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2006 Cosmology Prize

John Mather & the COBE Team

John C. Mather is a senior astrophysicist in the Observational Cosmology Laboratory at NASA's Goddard Space Flight Center.

His research centers on infrared astronomy and cosmology. As an NRC postdoctoral fellow at the Goddard Institute for Space Studies (New York City), he led the proposal efforts for the Cosmic Background Explorer (74-76), and came to GSFC to be the Study Scientist (76-88), Project Scientist (88-98), and also the Principal Investigator for the Far IR Absolute Spectrophotometer (FIRAS) on COBE. He showed that the cosmic microwave background radiation has a blackbody spectrum within 50 ppm.

As senior project scientist (1995-present) for the James Webb Space Telescope, he leads the science team and represents scientific interests within the project management. He has served on advisory and working groups for the National Academy of Sciences, NASA, and the NSF (for the ALMA, the Atacama Large Millimeter Array, and for the CARA, the Center for Astrophysical Research in the Antarctic).


Mather's current project: the James Webb Space Telescope:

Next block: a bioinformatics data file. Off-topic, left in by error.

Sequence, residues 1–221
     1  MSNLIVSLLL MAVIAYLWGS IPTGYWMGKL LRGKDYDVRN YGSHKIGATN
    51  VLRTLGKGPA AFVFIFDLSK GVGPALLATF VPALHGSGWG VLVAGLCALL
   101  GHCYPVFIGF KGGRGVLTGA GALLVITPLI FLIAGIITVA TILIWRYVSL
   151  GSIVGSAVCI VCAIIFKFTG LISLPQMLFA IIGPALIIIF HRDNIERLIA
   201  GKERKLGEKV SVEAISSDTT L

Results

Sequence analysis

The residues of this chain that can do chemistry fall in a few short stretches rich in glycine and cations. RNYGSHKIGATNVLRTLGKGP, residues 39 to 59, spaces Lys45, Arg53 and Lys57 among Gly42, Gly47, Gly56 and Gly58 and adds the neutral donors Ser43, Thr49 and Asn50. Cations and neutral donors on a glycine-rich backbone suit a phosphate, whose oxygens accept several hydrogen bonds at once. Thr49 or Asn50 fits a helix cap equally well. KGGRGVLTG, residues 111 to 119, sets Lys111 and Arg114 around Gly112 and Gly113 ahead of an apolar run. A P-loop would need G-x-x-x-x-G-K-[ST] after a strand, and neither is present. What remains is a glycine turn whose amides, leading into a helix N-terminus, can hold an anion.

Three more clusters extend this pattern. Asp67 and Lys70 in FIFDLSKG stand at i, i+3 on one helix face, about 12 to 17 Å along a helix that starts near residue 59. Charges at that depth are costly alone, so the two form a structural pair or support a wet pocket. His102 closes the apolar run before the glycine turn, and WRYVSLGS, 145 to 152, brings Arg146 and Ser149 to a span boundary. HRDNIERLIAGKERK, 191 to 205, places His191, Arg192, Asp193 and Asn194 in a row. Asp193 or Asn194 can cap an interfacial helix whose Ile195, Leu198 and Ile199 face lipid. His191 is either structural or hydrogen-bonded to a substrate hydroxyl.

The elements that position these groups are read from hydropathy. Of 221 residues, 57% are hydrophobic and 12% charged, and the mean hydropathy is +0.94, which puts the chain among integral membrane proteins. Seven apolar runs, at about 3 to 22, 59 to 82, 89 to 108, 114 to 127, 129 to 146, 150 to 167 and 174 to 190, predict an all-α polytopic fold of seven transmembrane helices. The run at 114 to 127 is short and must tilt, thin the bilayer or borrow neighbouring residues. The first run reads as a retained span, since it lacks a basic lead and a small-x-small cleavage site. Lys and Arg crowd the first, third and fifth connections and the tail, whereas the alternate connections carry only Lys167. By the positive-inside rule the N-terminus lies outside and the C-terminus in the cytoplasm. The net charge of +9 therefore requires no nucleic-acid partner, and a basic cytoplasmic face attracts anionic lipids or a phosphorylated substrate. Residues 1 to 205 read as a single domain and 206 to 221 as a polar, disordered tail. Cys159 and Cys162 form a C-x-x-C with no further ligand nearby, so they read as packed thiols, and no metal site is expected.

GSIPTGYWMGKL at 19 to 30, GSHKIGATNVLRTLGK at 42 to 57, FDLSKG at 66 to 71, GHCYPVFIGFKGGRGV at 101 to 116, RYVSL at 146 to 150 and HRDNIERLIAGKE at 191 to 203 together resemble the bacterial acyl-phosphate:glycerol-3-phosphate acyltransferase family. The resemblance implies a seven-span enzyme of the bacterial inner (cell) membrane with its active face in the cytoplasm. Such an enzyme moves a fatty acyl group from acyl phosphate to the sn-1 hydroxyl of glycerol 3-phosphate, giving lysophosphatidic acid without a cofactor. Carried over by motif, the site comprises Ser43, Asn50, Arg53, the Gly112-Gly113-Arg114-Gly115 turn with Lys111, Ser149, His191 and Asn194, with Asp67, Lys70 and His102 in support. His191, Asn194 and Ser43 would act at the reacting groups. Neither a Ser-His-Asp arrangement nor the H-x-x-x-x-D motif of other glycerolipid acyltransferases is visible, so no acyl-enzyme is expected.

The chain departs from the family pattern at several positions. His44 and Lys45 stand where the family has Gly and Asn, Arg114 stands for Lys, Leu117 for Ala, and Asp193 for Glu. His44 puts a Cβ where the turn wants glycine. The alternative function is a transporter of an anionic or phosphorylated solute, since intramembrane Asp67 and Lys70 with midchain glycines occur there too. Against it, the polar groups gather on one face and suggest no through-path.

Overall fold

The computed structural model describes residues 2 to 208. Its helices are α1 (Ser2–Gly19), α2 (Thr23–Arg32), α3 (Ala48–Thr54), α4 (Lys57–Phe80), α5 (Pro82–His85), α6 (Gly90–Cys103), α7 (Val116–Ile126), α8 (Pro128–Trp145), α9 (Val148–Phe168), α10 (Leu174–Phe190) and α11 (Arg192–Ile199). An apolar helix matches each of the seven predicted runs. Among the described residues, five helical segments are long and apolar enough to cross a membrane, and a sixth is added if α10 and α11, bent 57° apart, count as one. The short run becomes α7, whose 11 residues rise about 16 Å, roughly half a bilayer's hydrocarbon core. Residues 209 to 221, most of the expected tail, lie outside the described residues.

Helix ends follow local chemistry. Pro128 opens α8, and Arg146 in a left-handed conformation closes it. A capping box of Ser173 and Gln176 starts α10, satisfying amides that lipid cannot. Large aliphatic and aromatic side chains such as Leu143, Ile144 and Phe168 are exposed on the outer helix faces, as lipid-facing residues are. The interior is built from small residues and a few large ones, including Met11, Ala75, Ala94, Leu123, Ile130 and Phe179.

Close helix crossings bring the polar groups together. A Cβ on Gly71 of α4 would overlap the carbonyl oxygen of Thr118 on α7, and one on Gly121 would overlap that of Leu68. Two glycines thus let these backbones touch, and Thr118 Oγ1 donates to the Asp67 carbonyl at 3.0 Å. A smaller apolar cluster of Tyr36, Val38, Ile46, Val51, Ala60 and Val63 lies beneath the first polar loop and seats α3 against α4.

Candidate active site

A million miles from Earth, the James Webb Space Telescope will drift through a frigid void, peering back to the time when new stars and developing galaxies first began to illuminate the universe. Its infrared instruments will pierce clouds of interstellar dust to watch the birth of stars and the development of potential solar systems.

John Mather on the promise of the James Webb Space Telescope

"The James Webb Space Telescope will help us see the very first objects that formed after the Big Bang. Predictions say that we should be able to see clusters of the very, very first objects which are thought to be super-massive stars — what we call Population-3 stars, with a redshift of about 17. And that there was possibly a second "Dark Ages" after that and a new wave of star and galaxy formation with a redshift around six or eight that would have reionized the universe a second time. So, we'll hope to see that these predictions are correct. We have the expectation of direct imaging of the very first ordinary galaxies. We don't know yet whether we should be able to see individual objects of the Population-3 type. Population-3 stars are expected to also explode as very luminous supernovae which could either lead directly to black holes or possibly just to ordinary, very metal-rich expulsions of gas into the inter-galactic medium. So, both are likely possibilities for us to attempt to see. Calculation says we should be able to see those giant supernovas."